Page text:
The city’s decision to invest in some road improvements certainly helped curate today’s rambling vibe. From 1st Street all the way down to 6th Street, the addition of scenic brick paving, prominent street lights and decorative planters diminished the area’s neglected look and invited visitors to take a stroll from establishment to establishment. Drop by the area on any Friday or Saturday night now and an ambience of good food and good times is easily palpable.
But if you ask around the establishments that have opened after Sanford Brewing Company, many would agree it has been the brewery’s concentrated effort to curate community among local businesses that has further propelled the area’s growth and activity. From letting smaller breweries use their fermenters for brewing a new draft to lending a nearby restaurant a cup of sugar, Sanford Brewing Company seeks to be neighborly to all who choose to operate nearby.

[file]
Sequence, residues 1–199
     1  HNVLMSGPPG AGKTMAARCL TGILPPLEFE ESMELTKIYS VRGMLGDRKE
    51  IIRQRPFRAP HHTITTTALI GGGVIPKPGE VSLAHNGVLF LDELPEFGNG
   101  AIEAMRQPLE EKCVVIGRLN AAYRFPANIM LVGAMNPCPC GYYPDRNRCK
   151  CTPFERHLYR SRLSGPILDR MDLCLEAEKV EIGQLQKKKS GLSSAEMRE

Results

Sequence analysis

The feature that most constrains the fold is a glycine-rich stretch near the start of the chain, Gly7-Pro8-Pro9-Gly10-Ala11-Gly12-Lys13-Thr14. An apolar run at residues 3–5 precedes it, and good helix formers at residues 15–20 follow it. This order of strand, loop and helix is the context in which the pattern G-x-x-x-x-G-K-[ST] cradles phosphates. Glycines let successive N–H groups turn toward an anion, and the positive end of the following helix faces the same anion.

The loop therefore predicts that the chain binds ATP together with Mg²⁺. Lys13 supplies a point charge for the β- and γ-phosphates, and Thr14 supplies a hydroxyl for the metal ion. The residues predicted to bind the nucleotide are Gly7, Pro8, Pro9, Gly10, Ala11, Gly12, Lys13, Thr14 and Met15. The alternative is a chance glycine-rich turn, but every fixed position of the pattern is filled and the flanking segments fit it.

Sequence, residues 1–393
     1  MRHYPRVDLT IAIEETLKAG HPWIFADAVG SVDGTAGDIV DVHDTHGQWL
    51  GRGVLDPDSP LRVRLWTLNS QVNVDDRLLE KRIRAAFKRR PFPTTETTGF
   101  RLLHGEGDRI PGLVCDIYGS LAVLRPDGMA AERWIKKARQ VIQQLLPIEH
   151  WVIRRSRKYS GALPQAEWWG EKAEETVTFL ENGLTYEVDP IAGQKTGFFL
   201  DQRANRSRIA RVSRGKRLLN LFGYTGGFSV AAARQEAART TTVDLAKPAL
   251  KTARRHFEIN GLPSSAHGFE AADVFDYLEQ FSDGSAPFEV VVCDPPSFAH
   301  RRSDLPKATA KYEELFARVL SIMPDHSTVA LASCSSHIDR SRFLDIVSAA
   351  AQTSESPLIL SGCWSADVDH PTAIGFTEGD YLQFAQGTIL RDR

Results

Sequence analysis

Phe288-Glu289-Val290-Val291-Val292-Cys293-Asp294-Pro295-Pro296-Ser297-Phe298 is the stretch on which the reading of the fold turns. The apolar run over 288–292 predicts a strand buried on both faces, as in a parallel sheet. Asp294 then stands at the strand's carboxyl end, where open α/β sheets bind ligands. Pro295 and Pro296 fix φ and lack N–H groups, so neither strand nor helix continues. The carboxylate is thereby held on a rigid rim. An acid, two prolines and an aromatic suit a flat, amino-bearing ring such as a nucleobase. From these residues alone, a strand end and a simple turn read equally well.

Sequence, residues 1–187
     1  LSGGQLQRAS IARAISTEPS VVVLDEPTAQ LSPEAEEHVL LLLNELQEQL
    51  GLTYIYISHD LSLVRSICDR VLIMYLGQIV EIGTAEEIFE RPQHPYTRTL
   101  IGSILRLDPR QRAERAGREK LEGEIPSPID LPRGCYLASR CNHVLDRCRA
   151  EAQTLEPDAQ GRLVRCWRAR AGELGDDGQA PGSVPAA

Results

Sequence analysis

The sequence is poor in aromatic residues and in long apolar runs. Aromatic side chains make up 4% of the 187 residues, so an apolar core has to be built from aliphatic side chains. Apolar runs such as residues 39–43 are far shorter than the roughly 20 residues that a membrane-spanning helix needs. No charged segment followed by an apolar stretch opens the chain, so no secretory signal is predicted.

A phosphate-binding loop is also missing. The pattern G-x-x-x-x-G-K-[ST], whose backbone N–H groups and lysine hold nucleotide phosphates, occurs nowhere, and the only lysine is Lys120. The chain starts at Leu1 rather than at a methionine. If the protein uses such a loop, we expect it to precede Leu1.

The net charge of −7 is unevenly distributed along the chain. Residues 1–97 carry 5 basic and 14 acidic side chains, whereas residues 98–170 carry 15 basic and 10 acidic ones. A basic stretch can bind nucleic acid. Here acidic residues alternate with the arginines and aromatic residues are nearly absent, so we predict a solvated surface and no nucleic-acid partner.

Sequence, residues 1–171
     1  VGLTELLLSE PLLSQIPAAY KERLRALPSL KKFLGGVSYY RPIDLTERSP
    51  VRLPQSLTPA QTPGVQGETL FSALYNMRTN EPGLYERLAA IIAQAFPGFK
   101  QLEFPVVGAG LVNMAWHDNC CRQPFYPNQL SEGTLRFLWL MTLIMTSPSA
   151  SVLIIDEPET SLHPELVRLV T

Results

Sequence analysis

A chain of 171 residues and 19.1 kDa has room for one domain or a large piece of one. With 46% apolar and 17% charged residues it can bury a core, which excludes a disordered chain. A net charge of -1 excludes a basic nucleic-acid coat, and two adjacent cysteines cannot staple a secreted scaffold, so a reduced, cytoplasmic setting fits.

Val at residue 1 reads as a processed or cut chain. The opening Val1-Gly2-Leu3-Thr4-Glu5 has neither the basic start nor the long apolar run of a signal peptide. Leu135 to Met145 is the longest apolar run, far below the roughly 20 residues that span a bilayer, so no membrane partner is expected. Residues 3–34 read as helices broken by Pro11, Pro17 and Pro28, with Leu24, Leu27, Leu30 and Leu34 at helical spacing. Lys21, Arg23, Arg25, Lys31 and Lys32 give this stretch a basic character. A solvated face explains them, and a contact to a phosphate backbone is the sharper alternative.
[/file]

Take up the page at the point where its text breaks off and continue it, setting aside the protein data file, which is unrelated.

“We don’t look at people as competition as much as facilitators to drive more business to the community,” says Robyn. “We think a high tide rises all ships.”
“I think that a strong community where people support each other, that makes the whole community feel closer and safer,” adds Robyn. “It’s more productive and the financial and economic benefits speak for themselves.”
Sanford Brewing Company is certainly enjoying those economic benefits. The company managed to hit their five-year-plan in only 18 months. There are plans to open not one, but two new locations within the next two years. The first location will be in Maitland, the second location soon following in Oviedo. Because state alcohol limits a company to nine operations total, the end goal would be to have eight tap rooms and one distribution center.